The performance of a 2.8Ghz Lynnfield will probably match the 920's. Like it was said the 2.66 Ci5 is 5~7% slower them the 920. On the other hand MSI has just announced a U$165,00 I doubt that a Ci5 board will sell for less them U$100~110 at very best. Probably there won't be even a U$50,00 difference. Reply
  • TA152H - Friday, May 29, 2009 - link

    I think you're saying the same thing I am, that the i7 is the way to go.

    The 2.8 GHz Lynnfield should underperform the i7. It's not going to make up more than it's clock speed ratio improvement, and there are some benchmarks where the i7 is 10% faster. Clearly, the Lynnfield will not scale well, since the memory performance is relatively poor compared to the i7. As you go to higher clock speeds, you should see them diverge more.

    Also, turbo mode on the Lynnfield was boosting by 166 MHz, not the 133 MHz for the i7. This gave it an advantage it probably will not enjoy in real life. It makes no sense the i7 doesn't get the same boost from turbo mode, so I'd expect Intel to deal with that when they come out with new revisions. It's hard to imagine Intel giving the low end Lynnfield a big advantage over it's higher end brother. Since they're not selling Lynnfield now, leaving the low-end i7s turbo mode isn't problematic, and helps differentiate it from the higher end one. But, it's very doubtful it will be inferior to the crippled Lynnfield in this area.
    Reply
  • TA152H - Friday, May 29, 2009 - link

    Where are you getting this data from? Are you just making it up, because you have a feeling???

    The 2.8 GHz Lynnfield probably will underperform the 2.66 i7, while costing the same. It's about 5% faster, and processors do not scale linearly with clock speed, as you hopefully know. Plus, it's relatively easy to bump up the clock speed, there's a word for this "overclocking", which I hope you've heard of. Try changing the memory controller on the i5.

    The price of the x58 seems artificially inflated. Compared to the x48, it should be significantly cheaper, since there's no memory controller on it. But, it's not.

    I'd rather see Intel stop inflating the prices for the i7, rather than create a brain-damaged processor and make people buy it. The costs of making both platforms is probably not nearly what you're saying. Again, look at the x48. Why should the Nehalem motherboards be so much more expensive? It's not like they're so much more complicated.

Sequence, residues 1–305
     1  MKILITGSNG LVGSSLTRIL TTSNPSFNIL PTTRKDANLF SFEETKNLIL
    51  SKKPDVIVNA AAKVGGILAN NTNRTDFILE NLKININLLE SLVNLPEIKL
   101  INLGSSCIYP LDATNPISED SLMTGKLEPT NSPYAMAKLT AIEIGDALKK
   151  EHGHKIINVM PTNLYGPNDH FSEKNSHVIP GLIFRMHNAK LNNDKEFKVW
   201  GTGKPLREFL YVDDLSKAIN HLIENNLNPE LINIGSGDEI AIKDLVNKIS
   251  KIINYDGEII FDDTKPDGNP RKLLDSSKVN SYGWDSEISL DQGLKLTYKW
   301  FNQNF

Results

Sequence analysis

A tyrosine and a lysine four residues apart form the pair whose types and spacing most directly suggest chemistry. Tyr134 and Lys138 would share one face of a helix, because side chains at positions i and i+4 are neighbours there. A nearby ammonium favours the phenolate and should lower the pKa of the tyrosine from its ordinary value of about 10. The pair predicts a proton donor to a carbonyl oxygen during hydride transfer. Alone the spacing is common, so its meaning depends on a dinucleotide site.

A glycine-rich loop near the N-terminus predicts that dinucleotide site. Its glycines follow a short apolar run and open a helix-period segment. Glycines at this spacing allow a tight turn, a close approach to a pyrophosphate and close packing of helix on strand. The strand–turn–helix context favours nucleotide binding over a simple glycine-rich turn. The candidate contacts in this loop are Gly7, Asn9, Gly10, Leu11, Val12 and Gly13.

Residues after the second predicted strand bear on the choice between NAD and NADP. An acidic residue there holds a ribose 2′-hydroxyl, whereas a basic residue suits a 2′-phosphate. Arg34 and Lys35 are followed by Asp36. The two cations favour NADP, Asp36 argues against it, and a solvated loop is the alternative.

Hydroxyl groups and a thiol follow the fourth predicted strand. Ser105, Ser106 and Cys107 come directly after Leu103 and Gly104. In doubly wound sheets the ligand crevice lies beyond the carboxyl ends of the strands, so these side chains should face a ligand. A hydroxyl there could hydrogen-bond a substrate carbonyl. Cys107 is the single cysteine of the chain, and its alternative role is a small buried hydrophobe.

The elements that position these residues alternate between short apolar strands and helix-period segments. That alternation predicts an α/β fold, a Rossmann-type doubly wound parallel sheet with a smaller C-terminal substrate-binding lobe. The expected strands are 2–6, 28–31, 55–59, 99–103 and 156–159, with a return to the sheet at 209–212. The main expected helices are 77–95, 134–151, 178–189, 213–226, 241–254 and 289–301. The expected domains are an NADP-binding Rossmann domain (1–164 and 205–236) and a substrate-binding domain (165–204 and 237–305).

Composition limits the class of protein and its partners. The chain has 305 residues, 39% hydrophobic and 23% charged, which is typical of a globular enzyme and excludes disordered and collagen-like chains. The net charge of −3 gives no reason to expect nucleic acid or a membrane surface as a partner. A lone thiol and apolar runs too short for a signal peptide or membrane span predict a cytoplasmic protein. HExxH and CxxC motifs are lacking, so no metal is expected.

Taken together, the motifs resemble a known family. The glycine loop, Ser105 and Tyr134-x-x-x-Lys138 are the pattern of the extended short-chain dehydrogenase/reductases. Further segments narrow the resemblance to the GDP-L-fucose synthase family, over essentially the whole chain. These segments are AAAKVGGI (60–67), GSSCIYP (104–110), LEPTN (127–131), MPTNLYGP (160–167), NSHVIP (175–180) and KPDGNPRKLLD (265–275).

We'll know more when we see the sizes of these chips. But, I really believe Intel is bumping up the prices a lot on these chipsets. I don't blame them entirely, because they can, and they have a responsibility to their stockholders. But, for us, it would be better to have reasonably priced i7s, than brain-damaged i5s.
    Reply
  • ssj4Gogeta - Friday, May 29, 2009 - link

    They're a business after all, and they sell CPU's to make money. Why do you expect them to price their products according to their manufacturing price instead of according to their performance?

    Of course i7 is a better alternative for enthusiasts, who know how to overclock. But there are MANY others who don't, and they'd rather save those $50 (or whatever difference it will be) because they can't justify it. I'm not saying i5 makes sense for people like us, but it certainly isn't a part which should not be made.

    And better turbo mode on i5 DOES make sense - people who don't know how to overclock can benefit from that extra headroom. You're overclocking i7 to its limits anyways, so a bigger turbo doesn't really make much sense.

    I'm going to buy an i7 anyways and wait for Gulftown. :D
    Reply
  • aeternitas - Sunday, June 7, 2009 - link

    It sounds like TA152H recently spent alot on an i7 system only to read all of this. I can understand that sort of frustration. Spending 200$+ on 5% and bandwidth one may never use in terms of whats in the PCI/e slots.

    However this isnt the place to grasp at straws.
    Reply
  • JarredWalton - Friday, May 29, 2009 - link

    I don't think Lynnfield is "brain damaged" any more than tri-core Phenom or dual-core Core 2 are "brain damaged". It's like saying Core i7 parts are stupid and shouldn't be made because they're not Xeons - or that Intel and AMD should stop making budget CPUs like the Pentium Dual-Core and Athlon X2 stuff. Tri-channel memory has very little impact on most desktop users, so removing that feature and going with dual-channel is perfectly reasonable.

    On the other hand, I do agree that having separate platforms for mainstream and high-end parts is not doing consumers any favors. Now you can lock yourself into either LGA-1366 or LGA-1156, and that means you might eventually hit a dead-end. Hopefully we don't see anything like AMD's old socket 940 "enthusiast" platform where users are abandoned after a few CPU updates. I'd prefer Intel to focus on 1366 and let economies of scale take care of the rest. But then they'd need to charge less for some high-end parts. :p
    Reply